Every ecommerce manager working in New York will remember Hurricane Sandy 18 months ago; but sometimes, out of havoc and destruction, a brilliant new idea emerges – and New York’s “DropBox for physical stuff”, MakeSpace, certainly belongs in this category.
The idea was hatched just after the storm: two friends, Mark Suster and Sam Rosen, met for a morning coffee, gazing out the window at a city that still, in parts, hadn’t yet had the power restored. Rosen told Suster that he’d lost a lot of stuff during the hurricane, and was now trying to source some storage solutions but was finding the experience terrible.
As the two began thinking about better solutions for storage, Rosen played with the notion of picking up stuff for people from their apartments and taking it to storage for them while saving them money by having the storage facility offsite. As the two riffed the idea, they thought (in Suster’s words):
“That’s interesting. But what would truly be amazing is if you could build ‘DropBox for your physical stuff’.”
As Suster puts it:
“We both loved the idea and within weeks he [Rosen] was moved to LA and worked out of our office on the concept as an EIR.”
Having built out the software, Rosen returned to NY just as a $2.1 million seed investment was announced. MakeSpace was born: a company that offers the same convenience and organisation of cloud storage services like DropBox and Google Drive, only for the physical stuff in your home. Given the fact that conventional storage is pricey and laborious (customers usually have to take their own stuff to and from the facility), most ecommerce analysts would agree that disruption here would be timely, to say the least.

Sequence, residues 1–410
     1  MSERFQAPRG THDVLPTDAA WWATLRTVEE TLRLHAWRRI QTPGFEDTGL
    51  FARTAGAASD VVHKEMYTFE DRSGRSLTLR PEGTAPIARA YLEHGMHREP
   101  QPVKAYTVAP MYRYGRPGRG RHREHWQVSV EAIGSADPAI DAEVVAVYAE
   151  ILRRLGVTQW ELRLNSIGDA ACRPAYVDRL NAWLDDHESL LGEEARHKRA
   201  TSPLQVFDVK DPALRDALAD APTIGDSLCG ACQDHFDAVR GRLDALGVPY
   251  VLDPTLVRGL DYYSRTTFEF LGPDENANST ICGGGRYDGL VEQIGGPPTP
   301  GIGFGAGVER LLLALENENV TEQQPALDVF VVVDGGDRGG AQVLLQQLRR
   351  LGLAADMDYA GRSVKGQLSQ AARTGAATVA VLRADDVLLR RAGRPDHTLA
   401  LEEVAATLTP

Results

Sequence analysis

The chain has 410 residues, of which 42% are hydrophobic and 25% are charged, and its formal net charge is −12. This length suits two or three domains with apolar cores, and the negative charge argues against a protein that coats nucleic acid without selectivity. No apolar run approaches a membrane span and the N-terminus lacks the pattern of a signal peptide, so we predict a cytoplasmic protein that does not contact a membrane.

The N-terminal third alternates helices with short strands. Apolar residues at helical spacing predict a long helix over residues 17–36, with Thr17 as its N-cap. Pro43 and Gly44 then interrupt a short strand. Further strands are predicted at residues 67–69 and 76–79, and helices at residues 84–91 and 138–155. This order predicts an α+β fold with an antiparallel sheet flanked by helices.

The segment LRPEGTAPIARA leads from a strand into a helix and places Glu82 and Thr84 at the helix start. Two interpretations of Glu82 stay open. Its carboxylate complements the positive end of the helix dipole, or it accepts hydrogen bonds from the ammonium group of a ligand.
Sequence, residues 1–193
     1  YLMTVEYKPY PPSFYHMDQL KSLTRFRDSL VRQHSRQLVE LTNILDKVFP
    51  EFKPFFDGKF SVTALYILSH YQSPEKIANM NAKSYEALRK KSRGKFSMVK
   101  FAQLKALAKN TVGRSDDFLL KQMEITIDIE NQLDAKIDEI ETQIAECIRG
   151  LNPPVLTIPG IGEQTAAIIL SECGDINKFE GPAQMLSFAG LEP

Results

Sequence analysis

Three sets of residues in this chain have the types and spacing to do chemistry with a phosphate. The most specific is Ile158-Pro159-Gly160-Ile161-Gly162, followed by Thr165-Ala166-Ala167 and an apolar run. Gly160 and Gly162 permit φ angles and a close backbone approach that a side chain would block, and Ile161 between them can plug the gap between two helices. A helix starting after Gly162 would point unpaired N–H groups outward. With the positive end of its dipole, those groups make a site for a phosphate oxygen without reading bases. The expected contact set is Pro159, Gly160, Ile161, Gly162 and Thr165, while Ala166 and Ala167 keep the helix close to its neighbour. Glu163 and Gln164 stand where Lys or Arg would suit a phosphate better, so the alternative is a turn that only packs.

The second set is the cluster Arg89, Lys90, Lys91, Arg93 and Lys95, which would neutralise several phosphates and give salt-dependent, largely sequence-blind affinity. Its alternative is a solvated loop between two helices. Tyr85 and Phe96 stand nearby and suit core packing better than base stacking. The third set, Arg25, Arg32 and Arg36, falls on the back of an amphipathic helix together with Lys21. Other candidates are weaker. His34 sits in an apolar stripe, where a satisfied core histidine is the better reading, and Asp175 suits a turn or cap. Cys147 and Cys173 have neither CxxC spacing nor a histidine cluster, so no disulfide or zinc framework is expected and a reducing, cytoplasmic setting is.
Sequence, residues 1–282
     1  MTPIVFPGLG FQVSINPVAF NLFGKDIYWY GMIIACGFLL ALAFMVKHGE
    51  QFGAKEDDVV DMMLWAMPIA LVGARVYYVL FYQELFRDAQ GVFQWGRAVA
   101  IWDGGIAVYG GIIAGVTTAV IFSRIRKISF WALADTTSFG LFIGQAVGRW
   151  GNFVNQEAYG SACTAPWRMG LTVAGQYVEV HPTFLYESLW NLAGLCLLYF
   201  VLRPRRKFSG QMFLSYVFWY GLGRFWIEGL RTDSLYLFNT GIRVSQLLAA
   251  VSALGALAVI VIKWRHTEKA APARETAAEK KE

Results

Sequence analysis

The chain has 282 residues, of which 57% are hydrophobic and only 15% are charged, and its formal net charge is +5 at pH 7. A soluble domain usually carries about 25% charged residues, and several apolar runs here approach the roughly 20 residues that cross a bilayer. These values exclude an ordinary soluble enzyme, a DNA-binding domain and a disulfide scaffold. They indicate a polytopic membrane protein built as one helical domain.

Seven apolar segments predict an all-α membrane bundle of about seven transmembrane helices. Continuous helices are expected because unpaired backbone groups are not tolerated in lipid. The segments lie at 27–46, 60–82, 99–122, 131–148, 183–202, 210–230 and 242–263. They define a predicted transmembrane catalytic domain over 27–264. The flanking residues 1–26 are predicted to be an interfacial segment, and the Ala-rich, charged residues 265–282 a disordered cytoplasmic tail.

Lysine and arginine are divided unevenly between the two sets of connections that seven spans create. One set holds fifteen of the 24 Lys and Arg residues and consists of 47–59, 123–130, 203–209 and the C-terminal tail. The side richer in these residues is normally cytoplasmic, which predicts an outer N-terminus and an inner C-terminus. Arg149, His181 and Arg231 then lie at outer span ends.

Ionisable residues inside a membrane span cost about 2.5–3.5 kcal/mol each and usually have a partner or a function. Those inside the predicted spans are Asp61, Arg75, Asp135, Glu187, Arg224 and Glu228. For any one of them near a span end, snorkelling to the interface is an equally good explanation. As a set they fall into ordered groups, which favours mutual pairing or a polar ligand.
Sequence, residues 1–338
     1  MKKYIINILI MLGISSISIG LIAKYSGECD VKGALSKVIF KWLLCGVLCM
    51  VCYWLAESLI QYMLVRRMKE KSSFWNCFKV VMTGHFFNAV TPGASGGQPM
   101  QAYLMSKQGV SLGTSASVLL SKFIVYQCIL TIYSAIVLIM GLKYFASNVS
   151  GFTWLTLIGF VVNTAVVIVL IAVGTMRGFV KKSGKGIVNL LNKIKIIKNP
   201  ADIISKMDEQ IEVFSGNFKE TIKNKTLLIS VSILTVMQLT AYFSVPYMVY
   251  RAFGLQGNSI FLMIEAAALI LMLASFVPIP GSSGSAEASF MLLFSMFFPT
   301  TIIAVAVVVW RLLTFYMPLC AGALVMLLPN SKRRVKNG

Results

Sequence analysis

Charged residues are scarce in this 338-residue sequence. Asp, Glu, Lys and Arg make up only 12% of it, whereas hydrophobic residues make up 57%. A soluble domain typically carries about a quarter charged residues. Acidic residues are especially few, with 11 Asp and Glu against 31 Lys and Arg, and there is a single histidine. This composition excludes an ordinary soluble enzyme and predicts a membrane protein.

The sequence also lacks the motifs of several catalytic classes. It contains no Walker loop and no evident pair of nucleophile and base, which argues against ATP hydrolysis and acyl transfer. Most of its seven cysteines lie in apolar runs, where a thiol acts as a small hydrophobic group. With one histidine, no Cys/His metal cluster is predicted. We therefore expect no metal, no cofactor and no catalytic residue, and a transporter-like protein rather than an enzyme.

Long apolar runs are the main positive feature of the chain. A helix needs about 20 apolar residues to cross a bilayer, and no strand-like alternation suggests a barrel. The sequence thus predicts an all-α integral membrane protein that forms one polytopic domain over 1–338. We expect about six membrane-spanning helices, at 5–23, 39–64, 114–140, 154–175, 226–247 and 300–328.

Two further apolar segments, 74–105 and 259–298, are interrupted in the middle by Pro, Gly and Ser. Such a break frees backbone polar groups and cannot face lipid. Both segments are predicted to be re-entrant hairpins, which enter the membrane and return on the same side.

And even the most skeptical ecommerce analysts would have to concede that MakeSpace does exactly that. For $25 a month, customers not only get four bins of storage, they get on-demand delivery and drop-off, too. And thanks to its new offering, MakeSpace Air, the startup now has a nationwide service which allows users to ship their stuff to MakeSpace (which pays for the shipping).
In April, MakeSpace raised $8 million in Series A, and Suster (writing in Business Insider) has just announced that Upfront Ventures is leading a new $8 million round.